5. “Not knowing the correct term is symptomatic of the issue.”

                Who says it is the ‘correct term’, or that there can only be one ‘correct term’? You are focusing on the wrong issue here. It really does not matter what they call it.

              6. Walsh, Seifert, Billick, Fangio, Koetter, etc. The vast majority of the NFL coaches dating back decades.

            1. I don’t think it even gets mentioned. I imagine it’s something along the lines of; “Bowman you’ll be taking the A gap when this and this happens.” Bowman, “Ok coach.” That’s your NFL discussion on gap integrity. Does Navarro Bowman need to be reminded of what gap integrity means when he’s told to cover the A gap?

  2. I’ve noticed whenever someone asks Chip if he has talked to X, Y, or Z, he always says no. Does he talk to anyone? I know he is anti social but communication is key.

    1. #80,

      Do you think it would be smart for Kelly to say, “Why, yes, I spoke to Trent about Huff and we’re considering offering him a contract?” No, it would be idiotic. What do you expect them to say?

      The 49ers do plenty of things wrong to criticize, you don’t need to make stuff up.

      1. Point taken Hit.

        I was also referring to when he is asked about talking to the team doctors about Kap and Hyde. And when he says he hasn’t talked to a player after they make a bonehead mistake on STs. My bad for being vague.

  3. Chip’s answer to Grant’s first question was pretty funny.

    “Do I hang out with it? I mean, I don’t understand the question.”

  4. Not being at the press conference or seeing it on TV, I gather from reading Chip’s responses to various questions that he was a bit “testy” today, or to put it in another word, frustrated, or short of patience with some of the questions. Reading his responses from the PR staff obviously is far different from being there in person to observe facial expressions, mannerisms and tone of voice, but the construction of his responses and the verbiage.

    1. Do you blame him with the dumbass questions he’s being asked?

      A child reporter playing childish word games with him. Another one harping on about Armstead’s possible surgery after the season. Yet another asking about signing a player that just got cut for bad behavior.

      I think it would be reasonable on his part to be expecting questions about Sunday’s game and his teams preparation for that.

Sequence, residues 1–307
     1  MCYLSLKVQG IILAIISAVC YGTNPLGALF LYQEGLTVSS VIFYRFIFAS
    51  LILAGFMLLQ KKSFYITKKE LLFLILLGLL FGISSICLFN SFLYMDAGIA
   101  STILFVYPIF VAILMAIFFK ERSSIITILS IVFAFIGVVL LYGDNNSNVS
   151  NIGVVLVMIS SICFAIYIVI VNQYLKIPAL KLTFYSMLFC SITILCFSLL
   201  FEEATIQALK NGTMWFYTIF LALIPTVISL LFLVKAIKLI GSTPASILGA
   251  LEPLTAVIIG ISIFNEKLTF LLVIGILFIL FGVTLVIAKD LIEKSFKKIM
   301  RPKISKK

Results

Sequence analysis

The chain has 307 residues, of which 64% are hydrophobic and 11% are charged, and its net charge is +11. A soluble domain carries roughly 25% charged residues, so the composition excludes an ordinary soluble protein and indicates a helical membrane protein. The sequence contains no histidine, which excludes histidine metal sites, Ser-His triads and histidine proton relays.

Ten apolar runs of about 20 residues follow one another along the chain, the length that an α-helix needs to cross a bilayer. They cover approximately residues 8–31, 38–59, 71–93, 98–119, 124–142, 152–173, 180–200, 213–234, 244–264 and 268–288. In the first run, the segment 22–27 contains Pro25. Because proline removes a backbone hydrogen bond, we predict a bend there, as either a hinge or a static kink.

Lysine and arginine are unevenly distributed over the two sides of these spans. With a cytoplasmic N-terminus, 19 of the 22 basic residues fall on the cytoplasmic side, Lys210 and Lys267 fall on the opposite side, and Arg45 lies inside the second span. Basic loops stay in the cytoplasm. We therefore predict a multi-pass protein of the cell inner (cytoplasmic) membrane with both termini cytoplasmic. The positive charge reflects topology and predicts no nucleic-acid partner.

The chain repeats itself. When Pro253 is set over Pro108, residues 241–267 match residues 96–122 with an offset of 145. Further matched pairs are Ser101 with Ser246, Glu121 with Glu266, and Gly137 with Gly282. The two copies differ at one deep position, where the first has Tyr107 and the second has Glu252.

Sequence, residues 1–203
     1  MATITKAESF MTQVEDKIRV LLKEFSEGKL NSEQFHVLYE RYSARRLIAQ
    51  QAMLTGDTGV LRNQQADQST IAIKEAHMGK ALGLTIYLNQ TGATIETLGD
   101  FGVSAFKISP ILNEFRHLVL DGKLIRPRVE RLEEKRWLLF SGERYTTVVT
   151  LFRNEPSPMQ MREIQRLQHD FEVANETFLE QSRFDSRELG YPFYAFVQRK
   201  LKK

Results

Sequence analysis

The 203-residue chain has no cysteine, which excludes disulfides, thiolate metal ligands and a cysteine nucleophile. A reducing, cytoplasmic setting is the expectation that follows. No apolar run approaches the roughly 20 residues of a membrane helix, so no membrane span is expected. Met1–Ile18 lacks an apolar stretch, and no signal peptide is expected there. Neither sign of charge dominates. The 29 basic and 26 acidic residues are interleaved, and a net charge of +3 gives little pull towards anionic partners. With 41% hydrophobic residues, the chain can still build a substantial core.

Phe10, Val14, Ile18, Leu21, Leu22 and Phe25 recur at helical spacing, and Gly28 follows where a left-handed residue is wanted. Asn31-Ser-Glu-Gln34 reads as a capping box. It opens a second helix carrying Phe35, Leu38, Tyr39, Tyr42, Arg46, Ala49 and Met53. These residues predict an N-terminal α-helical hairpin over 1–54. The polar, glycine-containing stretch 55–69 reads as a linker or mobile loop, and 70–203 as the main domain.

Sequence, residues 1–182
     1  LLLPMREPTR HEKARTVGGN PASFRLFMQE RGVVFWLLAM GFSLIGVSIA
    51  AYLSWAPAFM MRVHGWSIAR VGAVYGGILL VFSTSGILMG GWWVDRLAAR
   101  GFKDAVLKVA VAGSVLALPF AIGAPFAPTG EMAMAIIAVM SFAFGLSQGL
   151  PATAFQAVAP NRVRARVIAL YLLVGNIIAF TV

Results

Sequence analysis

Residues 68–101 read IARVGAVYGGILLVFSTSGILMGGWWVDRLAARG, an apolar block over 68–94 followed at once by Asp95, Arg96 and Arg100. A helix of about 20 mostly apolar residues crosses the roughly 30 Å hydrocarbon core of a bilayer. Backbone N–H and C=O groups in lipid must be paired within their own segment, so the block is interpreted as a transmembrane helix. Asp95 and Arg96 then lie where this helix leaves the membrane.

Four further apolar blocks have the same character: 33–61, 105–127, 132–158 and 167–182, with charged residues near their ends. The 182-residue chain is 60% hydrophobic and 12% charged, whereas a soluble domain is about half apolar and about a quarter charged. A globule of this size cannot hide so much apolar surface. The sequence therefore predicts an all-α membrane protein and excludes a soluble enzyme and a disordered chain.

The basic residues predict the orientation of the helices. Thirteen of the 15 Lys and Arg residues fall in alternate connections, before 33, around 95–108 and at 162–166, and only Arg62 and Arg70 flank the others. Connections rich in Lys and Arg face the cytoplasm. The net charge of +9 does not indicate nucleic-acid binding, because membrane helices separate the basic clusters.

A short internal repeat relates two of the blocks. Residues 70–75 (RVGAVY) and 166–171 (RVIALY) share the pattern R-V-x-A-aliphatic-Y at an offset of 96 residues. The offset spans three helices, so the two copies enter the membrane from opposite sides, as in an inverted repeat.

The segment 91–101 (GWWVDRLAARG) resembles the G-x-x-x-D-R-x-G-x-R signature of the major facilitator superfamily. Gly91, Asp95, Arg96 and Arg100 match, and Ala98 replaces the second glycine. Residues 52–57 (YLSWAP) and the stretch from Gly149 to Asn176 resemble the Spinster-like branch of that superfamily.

5. This is getting pathetic. Chip is trying way too hard to parse words. Going from the Read option to the Zone read. Now gap integrity to gap responsibility.

    Chip is just being way too stubborn trying to thwart the questions by the Cohns. He is singling them out as the enemy, and refuses to deal with them in a respectful and appropriate manner. Chip is being petty and petulant, and does not display the kind of characteristics that I want a leader to exemplify. I am beginning to believe more of the snark from Philly.

    How can Chip improve during his PCs? He should be respectful. The reporters are just doing their job, and they are paid to ask the hard questions. Chip, by leading a 1-6 team, should not act like he is above anybody. He is not superior in knowledge, and refusing to answer a question says a lot more about him than it does the questioner. He should calmly and completely answer the questions. He should admit when he does not have an answer. He should be more concise, and keep the answers short and to the point. C

    Chip should not talk a mile a minute, and give long dissertations. He should not go off on a tangent. He should try to inject a little humor, to make it pleasant for all involved.

    Gap responsibility is closely associated with gap integrity. One is the plan, the other is the execution. Grant, by bringing up Gap integrity, wanted to know why the gap responsibilities devolved into no gap integrity. Chip, by his snarky attitude, spoke volumes, and made one wonder why he did not adequately prepare his team. By ignoring gap integrity, his team allowed 1000 yards in 2 games.

    Just because he did not have a clue, or any good answers, he did not need to display obdurate and belligerent mannerisms.

    Chip should make amends by first apologizing to Grant for his poor attitude and unctuous treatment, then he should submit to an hour long, one on one interview. That would show class. It would show the kind of leadership I think the HC of the 49ers should display.

    1. Also, Chip should make it a point to talk to Fergy before the PCs, so he will not look uninformed and can give salient information.Hiding behind the fact that he did not talk with Fergy beforehand, so he does not know the status of players, is getting tiresome, and plainly demonstrates his lack of preparation. Chip by going into a PC without adequate knowledge just speaks volumes, and none of it is good.